Whose Funds?

Peruse the news for not a very long time and you will inevitably stumble upon one or more of the following lines:

“The project will be 80% paid for by a federal grant.”

“FEMA has pledged to help rebuild the community.”

“The governor plans to ask for federal funds to pay for the new program”.

Or this one, taken from the web site for the Indianapolis Bus Rapid Transit boondoggle:

“Construction of the Red Line is being funded primarily through a $75 million federal Small Starts grant. Additional federal resources are being provided through a federal Transportation Investment Generating Economic Recovery (TIGER) grant already in place.” (emphases mine)

These claims, and all other like them, work from the same basic premise: Federal funds are being used to offset local funds. The federal funds are presented as free, so what would have cost $100 million now “only” costs $20 million. It’s as if the federal government is a distant rich uncle who just writes checks from a large mountain of cash, saving the locals from horrible bills.

The reality is different. Yes, the federal government does have a large mountain of cash, but that cash comes from you and me in the form of taxes. In fact, because of our insane levels of debt and ongoing deficit spending, the cash comes from you, me, our children, our grandchildren, and likely their children and grandchildren. What is presented as free is anything but.

Without delving into the argument of whether the good citizens of Alaska should be forced to pay for Indy’s bus system, what would happen if the example paragraph above was rewritten as follows:

“Construction of the Red Line is being funded primarily through a $75 million of taxpayer-funded ‘Small Starts’ grant. Additional taxpayer resources are being provided through the taxpayer-provided Transportation Investment Generating Economic Recovery (TIGER) grant already in place.”

It reads a bit differently, doesn’t it? Would it make a difference? Maybe, maybe not. Probably not at first. But over time, as people look at everything that is being paid for by the federal government taxpayers, some will question why? Why are we paying for a bus system few will use? Or a new convention center? Or an arts center? Or surplus cheese? Or a glow-in-the-dark marijuana joint on a billboard?

Because proponents of massive government work in the media, don’t expect to see this anytime soon. But you, dear reader, can train your mind. When you see “federal program”, replace with “taxpayer” and see how you feel about paying for the program in question. You will find yourself questioning a great deal of that is being done for “free”.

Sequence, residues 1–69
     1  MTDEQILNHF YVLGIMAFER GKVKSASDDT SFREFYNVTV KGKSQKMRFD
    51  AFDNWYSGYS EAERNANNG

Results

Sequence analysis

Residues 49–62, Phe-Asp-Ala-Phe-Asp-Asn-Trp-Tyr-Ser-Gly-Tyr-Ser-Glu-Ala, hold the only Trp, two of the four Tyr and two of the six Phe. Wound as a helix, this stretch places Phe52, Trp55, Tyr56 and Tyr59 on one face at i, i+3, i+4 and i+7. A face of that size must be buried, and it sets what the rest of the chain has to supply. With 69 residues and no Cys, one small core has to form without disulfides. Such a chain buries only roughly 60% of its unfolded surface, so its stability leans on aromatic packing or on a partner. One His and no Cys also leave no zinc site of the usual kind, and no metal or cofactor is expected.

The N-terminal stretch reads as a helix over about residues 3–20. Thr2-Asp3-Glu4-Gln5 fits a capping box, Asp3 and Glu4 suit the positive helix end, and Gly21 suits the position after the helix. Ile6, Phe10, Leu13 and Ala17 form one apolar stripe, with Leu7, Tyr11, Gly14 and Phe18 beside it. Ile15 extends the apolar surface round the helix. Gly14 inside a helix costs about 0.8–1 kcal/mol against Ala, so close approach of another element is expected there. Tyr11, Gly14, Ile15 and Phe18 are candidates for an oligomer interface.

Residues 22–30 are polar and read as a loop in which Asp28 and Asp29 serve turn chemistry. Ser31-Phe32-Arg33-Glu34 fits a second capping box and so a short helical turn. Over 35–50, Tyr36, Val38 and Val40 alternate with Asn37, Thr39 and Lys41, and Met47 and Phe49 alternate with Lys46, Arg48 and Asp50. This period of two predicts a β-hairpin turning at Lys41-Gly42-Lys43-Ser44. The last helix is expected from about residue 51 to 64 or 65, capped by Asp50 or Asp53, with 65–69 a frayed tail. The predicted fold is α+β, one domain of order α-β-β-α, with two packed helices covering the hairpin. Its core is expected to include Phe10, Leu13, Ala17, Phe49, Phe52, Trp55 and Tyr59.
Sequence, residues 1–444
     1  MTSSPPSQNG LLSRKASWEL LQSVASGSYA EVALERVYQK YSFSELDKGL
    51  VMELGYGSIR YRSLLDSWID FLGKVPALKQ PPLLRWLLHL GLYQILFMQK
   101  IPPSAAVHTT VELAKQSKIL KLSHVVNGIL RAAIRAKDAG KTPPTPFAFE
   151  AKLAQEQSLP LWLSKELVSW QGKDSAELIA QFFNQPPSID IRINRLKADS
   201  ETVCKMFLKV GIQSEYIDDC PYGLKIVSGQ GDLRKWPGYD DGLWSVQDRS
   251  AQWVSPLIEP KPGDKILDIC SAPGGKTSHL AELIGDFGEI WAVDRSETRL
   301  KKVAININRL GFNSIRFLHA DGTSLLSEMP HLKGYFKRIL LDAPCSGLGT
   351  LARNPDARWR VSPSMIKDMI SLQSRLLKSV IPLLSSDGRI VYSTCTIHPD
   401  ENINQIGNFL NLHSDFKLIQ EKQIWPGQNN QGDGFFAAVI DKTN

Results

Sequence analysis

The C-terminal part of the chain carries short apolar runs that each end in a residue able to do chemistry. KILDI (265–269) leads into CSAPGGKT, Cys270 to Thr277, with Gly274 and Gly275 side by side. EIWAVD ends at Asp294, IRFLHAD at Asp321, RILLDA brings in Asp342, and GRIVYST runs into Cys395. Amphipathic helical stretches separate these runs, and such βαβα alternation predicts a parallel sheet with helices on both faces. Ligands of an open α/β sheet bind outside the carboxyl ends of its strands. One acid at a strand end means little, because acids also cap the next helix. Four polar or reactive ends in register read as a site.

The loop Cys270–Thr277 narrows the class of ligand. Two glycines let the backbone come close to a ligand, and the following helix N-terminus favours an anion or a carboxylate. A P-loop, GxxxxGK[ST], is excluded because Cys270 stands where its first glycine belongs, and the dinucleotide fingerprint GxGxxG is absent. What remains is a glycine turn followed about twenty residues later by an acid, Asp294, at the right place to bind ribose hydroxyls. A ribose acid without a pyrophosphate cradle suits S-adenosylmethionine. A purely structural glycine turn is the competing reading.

There’s no free treat under there

Denver’s Boondoggle. Coming to Indy?

I’ll say this much for central planners: They never stop.

I spent most of my life in the Denver area, and I saw first hand how the planned transportation people work. After suffering a thorough repudiation to light rail in 1997, commuting planners showed up with a bucket full of “free” federal funds to build a “demonstration” project between downtown and the Five Points neighborhood. This was followed in 2000 by the “T-Rex” project that expanded I-25 south of downtown (very much needed) and included, again with “free” federal funds, a shiny new light rail system. The fact that no one rode the thing except to Broncos and Rockies games didn’t matter; the project was deemed an instant success. And having shown that light rail “works”, the planners returned to voters in 2004 and, viola!, got their massive boondoggle passed. So now light rail runs hither and yon throughout the Denver metro area, still mostly empty except for sporting events.

The same philosophy used to ram light rail down the throats of Denver commuters appears to be at play in my new home of Indianapolis. The do-gooders who want to save the planet by herding us all into mass transit are procuring – wait for it – “free” federal funds to build a bus rapid transit line from north Indy through downtown to South Indy. Yet here, as in Colorado, the vast majority of commuters drive suburb-to-suburb. Put another way, no one will ride this system save for those who already ride the bus. Indeed, among the opponents of this boondoggle are current bus riders, who would just as soon have more normal buses.

Time will tell, of course, if the camel-nose-under-the-tent strategy works as well here as it did in Denver. One obstacle is a state law that forbids light rail in the greater Indianapolis metropolitan area, but that law is under siege as the area courts Amazon. Good luck with that, folks – Amazon is not coming here, rail or not. Having witnessed the billions wasted on rail in Colorado, I sincerely hope I don’t see a repeat here. It’s not needed, it’s not wanted, and it won’t be used. Save your money, Hoosiers.


The transit planners: They absolutely will not stop…ever, until you are broke!